Saigoneer

Back Home Stories Stories Categories Vietnam From 2020, Vietnam to Increase Regional Minimum Wage by 5.5%

From 2020, Vietnam to Increase Regional Minimum Wage by 5.5%

The new minimum wage will go into effect from January 1, 2020.

On July 11, eleven out of thirteen members of the National Wage Council voted to raise the regional minimum wage by 5.5%, which means an increase of between VND150,000 and VND240,000, Tuoi Tre reports.

Specifically, in Region I, which consists of cities and provinces with the highest cost of living, such as urban districts in Hanoi and Saigon, the minimum wage will increase from VND4.18 million to VND4.42 million. In Region II, the new minimum wage is VND3.92 million, compared to the current VND3.71 million, while Region III will see an increase from VND3.25 million to VND3.43 million. In Region IV, which consists of areas with the lowest cost of living, the current rate of VND2.92 million will increase to VND3.07 million.

In the first meeting of the National Wage Council, which consists of representatives from the Ministry of Labor, Invalids, and Social Affairs (MOLISA), the Vietnam Chamber of Commerce and Industry (VCCI), and the Vietnam General Confederation of Labour (VGCL), the labor confederation suggested two options for minimum wage adjustments: either an 8.18% increase or a 7.06% increase. The VCCI, which represents businesses, suggested that the minimum wage remain the same in 2020, while if there is an increase, it should not be over 3%.

"Currently, 72.5% of businesses have already paid minimum salaries that are 6% percent higher than the current minimum wage. After further discussion and research, we think that the minimum wage should be increased to create work motivation. However, the increase can't be as high as the VGCL has suggested, because it exceeds businesss' ability to pay and will create a bad impact on business competitiveness and other budgets," said Hoang Quang Phong, vice director of VCCI. The representative also added that the current minimum wage has covered the basic needs of 95% of workers.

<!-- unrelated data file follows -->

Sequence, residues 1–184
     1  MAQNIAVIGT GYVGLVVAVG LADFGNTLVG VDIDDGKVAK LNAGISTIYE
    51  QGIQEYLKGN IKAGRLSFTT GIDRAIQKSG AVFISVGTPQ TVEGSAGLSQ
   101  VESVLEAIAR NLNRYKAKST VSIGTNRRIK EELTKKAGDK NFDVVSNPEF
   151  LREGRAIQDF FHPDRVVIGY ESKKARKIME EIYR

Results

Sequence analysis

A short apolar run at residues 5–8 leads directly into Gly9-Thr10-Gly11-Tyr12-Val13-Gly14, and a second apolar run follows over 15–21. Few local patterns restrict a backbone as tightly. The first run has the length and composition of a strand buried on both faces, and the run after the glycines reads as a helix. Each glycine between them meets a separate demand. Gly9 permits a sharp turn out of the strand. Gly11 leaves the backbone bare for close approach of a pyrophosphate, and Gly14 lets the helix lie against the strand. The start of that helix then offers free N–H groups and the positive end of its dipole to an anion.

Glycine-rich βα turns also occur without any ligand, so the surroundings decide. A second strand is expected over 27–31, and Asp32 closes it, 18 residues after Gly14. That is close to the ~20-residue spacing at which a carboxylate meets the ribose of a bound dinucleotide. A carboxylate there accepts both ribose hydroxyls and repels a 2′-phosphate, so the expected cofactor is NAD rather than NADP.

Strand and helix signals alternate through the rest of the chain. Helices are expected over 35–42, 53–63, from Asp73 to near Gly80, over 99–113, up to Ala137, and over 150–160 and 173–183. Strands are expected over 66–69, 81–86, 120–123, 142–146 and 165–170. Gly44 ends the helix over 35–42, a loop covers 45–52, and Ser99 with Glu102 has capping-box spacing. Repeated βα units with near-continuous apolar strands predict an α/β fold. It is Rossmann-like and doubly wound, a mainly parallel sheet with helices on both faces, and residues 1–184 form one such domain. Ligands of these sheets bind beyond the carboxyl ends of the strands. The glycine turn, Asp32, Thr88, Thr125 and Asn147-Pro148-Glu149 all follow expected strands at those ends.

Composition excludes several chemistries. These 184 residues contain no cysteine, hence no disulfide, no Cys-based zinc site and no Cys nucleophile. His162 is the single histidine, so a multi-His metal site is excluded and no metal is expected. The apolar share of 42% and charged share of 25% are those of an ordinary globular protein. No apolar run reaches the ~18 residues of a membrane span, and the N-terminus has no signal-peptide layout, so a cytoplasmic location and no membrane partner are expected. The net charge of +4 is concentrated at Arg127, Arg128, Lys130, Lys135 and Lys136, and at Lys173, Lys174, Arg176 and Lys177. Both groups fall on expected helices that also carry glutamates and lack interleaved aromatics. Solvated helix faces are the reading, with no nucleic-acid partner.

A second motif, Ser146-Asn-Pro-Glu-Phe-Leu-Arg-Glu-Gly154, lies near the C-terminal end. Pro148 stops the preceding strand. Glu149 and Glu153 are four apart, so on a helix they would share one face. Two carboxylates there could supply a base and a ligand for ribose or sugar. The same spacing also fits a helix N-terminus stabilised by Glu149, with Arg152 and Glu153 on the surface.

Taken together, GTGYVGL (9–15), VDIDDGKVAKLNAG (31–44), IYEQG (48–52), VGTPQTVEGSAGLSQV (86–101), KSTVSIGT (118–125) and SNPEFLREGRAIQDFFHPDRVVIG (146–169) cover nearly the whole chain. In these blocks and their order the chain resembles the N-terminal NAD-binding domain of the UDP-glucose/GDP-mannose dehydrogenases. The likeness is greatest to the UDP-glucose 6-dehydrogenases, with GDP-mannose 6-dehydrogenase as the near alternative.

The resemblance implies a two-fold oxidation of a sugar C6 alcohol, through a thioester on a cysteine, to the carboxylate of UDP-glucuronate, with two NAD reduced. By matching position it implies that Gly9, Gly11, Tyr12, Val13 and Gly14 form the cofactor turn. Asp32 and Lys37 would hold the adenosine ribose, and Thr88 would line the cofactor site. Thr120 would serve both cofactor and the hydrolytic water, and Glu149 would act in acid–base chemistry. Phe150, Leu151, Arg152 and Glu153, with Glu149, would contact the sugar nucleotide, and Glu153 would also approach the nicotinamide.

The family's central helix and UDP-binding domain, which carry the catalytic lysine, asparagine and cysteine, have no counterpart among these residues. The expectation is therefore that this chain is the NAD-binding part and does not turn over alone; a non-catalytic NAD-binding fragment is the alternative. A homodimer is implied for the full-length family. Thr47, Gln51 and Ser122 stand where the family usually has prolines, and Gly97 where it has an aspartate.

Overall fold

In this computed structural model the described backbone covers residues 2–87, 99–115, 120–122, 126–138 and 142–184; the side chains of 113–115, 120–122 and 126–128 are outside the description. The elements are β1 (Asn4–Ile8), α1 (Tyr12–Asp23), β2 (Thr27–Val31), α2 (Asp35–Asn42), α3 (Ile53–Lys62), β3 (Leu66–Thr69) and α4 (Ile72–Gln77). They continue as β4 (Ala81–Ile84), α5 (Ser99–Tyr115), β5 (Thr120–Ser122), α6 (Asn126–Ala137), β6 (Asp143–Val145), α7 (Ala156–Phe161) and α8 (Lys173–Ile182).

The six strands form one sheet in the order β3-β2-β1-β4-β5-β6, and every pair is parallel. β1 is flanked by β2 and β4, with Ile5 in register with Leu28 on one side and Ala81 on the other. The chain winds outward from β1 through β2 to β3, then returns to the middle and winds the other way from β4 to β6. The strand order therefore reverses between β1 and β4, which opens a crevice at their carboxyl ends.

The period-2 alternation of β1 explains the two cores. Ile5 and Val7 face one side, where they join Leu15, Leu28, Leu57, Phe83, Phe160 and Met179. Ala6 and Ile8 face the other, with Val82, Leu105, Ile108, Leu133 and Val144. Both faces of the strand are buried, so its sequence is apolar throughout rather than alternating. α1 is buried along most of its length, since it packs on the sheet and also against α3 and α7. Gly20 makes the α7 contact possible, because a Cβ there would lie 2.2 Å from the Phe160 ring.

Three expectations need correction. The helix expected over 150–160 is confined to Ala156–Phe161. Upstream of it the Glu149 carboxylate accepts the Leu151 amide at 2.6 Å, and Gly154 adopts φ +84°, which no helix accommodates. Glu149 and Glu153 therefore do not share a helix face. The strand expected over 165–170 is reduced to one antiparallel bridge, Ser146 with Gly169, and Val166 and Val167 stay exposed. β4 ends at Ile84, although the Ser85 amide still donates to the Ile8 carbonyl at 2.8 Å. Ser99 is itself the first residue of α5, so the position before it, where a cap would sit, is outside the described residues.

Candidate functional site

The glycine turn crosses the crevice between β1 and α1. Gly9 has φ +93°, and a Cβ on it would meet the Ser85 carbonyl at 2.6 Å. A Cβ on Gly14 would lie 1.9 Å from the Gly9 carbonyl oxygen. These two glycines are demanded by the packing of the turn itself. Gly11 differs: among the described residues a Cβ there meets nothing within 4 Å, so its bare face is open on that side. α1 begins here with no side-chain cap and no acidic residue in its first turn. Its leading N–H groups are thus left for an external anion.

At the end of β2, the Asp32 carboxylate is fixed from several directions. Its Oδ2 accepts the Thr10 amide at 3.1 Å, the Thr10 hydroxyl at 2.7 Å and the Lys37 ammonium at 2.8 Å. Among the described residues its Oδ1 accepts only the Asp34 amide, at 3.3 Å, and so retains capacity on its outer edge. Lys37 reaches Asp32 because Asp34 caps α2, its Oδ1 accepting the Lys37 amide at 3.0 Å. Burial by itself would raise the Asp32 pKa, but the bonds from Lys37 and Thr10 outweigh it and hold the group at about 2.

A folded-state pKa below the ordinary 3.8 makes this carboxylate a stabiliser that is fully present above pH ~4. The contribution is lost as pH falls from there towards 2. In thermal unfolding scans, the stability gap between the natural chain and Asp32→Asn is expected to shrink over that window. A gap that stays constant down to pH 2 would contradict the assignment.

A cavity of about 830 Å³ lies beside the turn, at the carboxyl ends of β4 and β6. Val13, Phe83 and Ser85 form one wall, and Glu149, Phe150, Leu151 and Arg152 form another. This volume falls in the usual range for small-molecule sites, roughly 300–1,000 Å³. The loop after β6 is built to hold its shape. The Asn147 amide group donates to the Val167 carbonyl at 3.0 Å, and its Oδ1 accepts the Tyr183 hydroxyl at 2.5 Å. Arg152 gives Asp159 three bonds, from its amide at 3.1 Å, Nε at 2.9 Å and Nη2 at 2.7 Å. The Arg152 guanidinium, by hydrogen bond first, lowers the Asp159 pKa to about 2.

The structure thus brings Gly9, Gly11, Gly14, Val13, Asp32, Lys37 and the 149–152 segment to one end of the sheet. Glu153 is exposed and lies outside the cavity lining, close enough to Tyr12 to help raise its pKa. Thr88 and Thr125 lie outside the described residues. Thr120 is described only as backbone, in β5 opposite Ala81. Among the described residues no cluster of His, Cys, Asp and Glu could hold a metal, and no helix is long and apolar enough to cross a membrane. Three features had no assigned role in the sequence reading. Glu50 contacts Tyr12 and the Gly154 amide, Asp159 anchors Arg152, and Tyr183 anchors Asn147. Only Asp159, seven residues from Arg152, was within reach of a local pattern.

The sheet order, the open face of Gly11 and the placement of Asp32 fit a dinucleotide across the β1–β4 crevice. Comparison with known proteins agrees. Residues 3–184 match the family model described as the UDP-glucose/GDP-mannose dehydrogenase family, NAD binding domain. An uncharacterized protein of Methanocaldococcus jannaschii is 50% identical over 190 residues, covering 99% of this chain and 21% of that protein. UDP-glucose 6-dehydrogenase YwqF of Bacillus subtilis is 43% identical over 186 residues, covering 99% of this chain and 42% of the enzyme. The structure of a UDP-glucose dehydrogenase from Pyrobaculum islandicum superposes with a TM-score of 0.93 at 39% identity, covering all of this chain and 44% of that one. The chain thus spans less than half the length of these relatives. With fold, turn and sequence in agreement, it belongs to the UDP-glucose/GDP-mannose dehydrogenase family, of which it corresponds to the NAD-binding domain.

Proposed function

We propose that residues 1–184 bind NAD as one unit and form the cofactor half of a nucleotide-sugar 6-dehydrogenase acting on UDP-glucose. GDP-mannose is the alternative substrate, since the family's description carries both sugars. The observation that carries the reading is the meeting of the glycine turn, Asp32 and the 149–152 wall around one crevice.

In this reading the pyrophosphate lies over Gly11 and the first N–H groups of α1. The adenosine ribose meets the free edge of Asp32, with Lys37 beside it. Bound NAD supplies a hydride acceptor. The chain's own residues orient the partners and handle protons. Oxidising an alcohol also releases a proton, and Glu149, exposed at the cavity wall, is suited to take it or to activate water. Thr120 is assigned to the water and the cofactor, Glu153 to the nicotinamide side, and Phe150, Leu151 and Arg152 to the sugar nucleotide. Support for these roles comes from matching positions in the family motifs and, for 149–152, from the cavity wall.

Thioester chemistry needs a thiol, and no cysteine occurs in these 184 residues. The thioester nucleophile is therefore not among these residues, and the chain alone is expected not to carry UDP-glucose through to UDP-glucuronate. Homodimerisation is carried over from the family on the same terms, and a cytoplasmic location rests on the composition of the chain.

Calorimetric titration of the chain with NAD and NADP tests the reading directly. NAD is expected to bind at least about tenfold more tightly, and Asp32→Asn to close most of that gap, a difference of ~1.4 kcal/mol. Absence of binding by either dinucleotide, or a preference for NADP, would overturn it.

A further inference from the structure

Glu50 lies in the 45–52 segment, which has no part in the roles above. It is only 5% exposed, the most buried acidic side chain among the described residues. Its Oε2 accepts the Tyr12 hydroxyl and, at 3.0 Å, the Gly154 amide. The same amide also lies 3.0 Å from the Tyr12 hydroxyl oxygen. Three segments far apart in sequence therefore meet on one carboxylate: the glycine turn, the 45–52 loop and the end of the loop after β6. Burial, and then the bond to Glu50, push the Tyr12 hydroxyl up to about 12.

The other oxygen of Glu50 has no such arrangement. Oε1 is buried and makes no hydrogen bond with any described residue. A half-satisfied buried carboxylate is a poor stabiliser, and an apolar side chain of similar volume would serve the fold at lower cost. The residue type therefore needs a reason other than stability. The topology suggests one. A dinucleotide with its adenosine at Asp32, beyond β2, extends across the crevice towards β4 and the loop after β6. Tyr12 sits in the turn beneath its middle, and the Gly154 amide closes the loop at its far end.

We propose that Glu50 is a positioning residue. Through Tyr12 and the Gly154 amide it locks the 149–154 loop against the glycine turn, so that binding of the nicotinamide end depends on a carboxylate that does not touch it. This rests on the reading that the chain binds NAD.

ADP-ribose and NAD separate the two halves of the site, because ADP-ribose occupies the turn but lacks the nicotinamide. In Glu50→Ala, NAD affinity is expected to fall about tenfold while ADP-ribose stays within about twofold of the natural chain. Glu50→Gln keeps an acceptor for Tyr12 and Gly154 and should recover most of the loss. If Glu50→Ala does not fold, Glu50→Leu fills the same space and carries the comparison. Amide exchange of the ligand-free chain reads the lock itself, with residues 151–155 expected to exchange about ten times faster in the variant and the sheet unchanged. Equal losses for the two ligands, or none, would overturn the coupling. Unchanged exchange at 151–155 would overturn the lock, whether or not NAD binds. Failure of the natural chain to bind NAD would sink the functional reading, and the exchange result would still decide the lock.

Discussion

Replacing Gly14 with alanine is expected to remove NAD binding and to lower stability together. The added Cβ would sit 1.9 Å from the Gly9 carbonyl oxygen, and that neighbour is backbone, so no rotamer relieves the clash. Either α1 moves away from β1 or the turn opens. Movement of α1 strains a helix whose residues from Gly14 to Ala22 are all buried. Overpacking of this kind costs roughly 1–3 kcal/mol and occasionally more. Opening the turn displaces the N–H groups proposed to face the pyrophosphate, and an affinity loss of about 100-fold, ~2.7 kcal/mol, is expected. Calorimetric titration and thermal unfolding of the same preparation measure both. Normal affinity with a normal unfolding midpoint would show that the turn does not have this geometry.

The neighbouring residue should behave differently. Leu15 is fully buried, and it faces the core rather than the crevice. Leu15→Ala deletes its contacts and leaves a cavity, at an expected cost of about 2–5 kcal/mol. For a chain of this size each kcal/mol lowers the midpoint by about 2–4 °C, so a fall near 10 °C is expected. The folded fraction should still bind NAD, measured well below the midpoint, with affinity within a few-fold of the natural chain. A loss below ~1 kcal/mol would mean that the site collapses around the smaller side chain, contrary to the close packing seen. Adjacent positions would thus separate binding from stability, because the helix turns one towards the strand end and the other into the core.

Because of these differences, the meeting moved to the second round of negotiations on July 11. On the day before, the labor confederation held a meeting to discuss options for the second meeting. According to Dan Tri, many experts in the meeting suggested that the minimum wage has to be increased by at least 6.5% to 8.1% in order to fulfill a minimum living standard. The question of what defines a minimum living standard has yet to be finalized by any official institution.

Some, such as labor researcher Do Quynh Chi, argue that only debating minimum wage and minimum living standard will increase inequality and poverty, while it is also important is to think about living wages and a basic income, rather than just a minimum. This point is exemplified by a recent report on how 74% of Vietnamese garment workers earn below the global living wage, and 99% of them earn below Asia's Floor Wage.

The labor confederation ended up suggesting a third option at the second meeting, which is a 6.51% increase. VCCI and other business representatives suggested an approximate increase of 4%. The final number, 5.5%, seems to be a happy middle for these groups with different interests.

After the decision was made, the representative from the VCGL said that although the number isn't as high as they had hoped for, a 5.5% increase is a good compromise and will cover basic needs for 100% of workers, according to the news source.

Phong, representative of VCCI was less cheerful about the result, saying that "the business community isn't happy with the result, but taking into consideration that workers are still struggling, we have to share the burden."

[Photo via IGC]


Related Articles

74% of Vietnam's Garment Workers Earn Below Global Living Wage: Study

Better Pay, Lower Costs in Vietnam Entice Taiwanese Workers Away From Home

Vietnam Is Home to More Than 18m Unofficial Workers: Report


Video »

BUDX HCMC